Posterior Urethra in Men

If the tumor is in this area, the bladder and prostate, part of the bony pelvis, and the penis are at risk. If surgery is needed to remove these organs, a piece of bowel is used to make a pouch. The kidneys can then drain into the pouch.

This pouch can either be incontinent (you will need to wear a stoma bag) or continent (you will need to drain the pouch several times a day with a small catheter). Deciding which type depends on other health issues you have and your preference. For more information on Urinary Diversion please visit our Conditions Page.

Posterior Urethra in Women

With this type of tumor, surgery is needed. Because the female urethra is so short, it is rare to have a tumor small enough and far enough away from the urethral sphincter (the muscle that controls the release of urine) to remove it and still be able urinate normally.

The outermost third (or about 7 mm) of the urethra can be removed without too much trouble. Unfortunately, most women with urethral cancer need more involved surgery. The urethra, bladder and a part of the vagina are often removed. A pouch can be made with bowel for the kidneys to drain into. This pouch would then be used to remove urine from the body.

Lymph Node Removal

The lymph nodes in the pelvis are often removed in both men and women undergoing these surgeries. Some people may have leg swelling. This happens because these nodes usually drain the fluid that seeps out of the blood vessels into the legs. Once these nodes are removed, fluid can build up. If this becomes bothersome, consult your health care provider.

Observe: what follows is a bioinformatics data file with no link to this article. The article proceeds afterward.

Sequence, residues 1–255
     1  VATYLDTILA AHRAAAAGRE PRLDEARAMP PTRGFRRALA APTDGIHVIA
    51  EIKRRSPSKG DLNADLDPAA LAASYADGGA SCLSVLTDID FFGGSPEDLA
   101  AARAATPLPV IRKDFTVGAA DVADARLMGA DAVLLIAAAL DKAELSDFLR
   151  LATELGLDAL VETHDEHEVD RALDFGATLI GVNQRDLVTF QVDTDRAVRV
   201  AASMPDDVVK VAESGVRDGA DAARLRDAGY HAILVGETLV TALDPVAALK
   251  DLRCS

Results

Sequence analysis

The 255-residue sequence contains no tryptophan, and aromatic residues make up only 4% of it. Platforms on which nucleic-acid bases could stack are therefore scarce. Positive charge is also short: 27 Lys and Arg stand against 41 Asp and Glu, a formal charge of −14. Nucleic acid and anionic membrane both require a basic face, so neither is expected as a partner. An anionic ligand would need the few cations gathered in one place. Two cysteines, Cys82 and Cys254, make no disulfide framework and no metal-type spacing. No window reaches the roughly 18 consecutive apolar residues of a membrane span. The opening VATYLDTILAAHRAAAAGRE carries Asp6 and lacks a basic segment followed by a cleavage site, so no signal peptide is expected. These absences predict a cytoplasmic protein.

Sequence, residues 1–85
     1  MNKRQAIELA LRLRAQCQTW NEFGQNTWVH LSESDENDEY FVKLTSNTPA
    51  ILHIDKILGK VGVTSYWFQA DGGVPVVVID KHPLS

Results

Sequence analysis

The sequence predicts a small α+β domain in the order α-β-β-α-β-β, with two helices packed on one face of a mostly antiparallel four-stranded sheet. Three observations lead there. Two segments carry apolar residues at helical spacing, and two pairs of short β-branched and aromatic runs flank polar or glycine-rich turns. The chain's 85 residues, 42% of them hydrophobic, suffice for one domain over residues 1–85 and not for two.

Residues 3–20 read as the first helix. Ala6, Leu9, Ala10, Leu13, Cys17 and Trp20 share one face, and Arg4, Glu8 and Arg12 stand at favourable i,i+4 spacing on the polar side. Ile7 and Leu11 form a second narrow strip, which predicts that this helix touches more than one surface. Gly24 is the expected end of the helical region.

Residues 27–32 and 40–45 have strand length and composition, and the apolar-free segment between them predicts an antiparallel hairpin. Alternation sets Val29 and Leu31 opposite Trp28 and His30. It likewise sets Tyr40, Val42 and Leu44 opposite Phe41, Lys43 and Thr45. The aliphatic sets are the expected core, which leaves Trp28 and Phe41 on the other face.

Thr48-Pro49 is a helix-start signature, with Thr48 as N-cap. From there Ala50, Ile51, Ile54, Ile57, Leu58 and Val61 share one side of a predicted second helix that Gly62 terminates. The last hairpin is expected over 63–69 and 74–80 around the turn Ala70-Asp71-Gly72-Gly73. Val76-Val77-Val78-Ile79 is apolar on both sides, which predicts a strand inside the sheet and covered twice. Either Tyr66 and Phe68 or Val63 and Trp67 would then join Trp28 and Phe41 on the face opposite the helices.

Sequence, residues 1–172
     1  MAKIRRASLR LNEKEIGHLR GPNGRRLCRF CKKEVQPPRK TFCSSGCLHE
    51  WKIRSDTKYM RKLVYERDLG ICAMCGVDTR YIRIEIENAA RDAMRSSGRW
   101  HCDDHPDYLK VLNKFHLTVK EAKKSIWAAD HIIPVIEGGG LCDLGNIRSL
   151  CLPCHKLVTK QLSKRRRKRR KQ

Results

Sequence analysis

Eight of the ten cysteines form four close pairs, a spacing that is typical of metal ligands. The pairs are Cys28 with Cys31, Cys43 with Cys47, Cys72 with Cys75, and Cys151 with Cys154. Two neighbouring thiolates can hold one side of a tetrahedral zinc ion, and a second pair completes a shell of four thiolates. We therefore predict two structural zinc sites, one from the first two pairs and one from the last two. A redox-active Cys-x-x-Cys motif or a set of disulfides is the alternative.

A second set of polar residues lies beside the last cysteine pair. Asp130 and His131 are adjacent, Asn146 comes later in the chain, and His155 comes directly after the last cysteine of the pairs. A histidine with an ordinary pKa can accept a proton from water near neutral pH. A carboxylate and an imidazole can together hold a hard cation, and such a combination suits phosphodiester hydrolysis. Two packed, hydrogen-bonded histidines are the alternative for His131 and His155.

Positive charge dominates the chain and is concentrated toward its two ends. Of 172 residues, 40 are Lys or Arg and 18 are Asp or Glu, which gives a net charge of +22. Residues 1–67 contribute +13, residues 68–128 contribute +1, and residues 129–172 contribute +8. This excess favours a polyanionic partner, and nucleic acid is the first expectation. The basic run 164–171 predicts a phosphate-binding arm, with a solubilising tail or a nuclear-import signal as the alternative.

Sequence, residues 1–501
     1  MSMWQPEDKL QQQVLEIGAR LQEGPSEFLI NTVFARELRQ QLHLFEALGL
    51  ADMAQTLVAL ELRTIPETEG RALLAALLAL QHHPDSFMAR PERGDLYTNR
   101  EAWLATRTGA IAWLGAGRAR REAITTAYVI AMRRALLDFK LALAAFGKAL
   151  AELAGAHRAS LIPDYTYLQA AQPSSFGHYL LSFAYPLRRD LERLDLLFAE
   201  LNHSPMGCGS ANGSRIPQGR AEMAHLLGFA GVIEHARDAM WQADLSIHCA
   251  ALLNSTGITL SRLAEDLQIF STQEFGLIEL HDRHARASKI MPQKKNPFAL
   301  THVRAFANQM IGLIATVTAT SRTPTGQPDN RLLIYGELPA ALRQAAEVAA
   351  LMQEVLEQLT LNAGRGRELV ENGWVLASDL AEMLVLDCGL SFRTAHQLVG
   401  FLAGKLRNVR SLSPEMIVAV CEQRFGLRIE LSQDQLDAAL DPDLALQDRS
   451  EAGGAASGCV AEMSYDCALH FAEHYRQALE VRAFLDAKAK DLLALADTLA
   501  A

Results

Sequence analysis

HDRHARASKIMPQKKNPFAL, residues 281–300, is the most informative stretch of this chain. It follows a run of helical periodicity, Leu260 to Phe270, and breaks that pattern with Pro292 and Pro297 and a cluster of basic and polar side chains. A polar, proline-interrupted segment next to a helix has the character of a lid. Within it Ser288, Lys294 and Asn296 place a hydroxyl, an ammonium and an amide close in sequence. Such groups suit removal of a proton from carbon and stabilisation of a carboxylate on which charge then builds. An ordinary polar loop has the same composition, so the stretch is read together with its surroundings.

Radiation Therapy

Radiation destroys cancer cells. Radiation therapy may be used alone, with surgery, or with chemotherapy. Though it may allow you to keep your urethra and nearby organs, this method has side effects such as:

  • Bladder pain
  • Incontinence
  • Bleeding
  • Rectal (or vaginal in women) pain and bleeding
  • Narrowing of the urethra, causing signs of urine blockage


These drugs kill cancer cells. Chemotherapy is most often used when the cancer has spread to other organs or parts of the body. It may be offered before surgery or radiation. It can also be used after other treatments to help kill cells outside the zone targeted by the surgery or radiation.

The type of drug used depends on:

  • The risk of the tumor spreading
  • The amount of metastasis (tumors outside the urethra)
  • The specific type of tumor (made of urothelial or squamous cells)

Each chemotherapy drug has side effects. Patients are watched very closely by an oncologist (a doctor who focuses on cancer treatment) to prevent major problems.

After Treatment

Even after aggressive therapy with chemotherapy, radiation therapy and surgery, urethral cancer may come back. It is important to have lifelong follow-up visits with your health care team. It is important to catch recurrence early, so once or twice per year visits are recommended for:

If you still have your urethra you will need more frequent follow up visits. You are recommended to visit your doctor every 3 months after the procedure for:


The likelihood of urethral cancer coming back after treatment depends on the stage and location of the initial tumor. The chance of cancer returning is lower with low stage disease, and in the anterior urethra.

Explore Further

We're On a Global Mission!

Learn more about our global philanthropic initiatives.

Why a Clinical Trial Might Be Right for You

Learn how a clinical trial may be a good option for you with this informative video.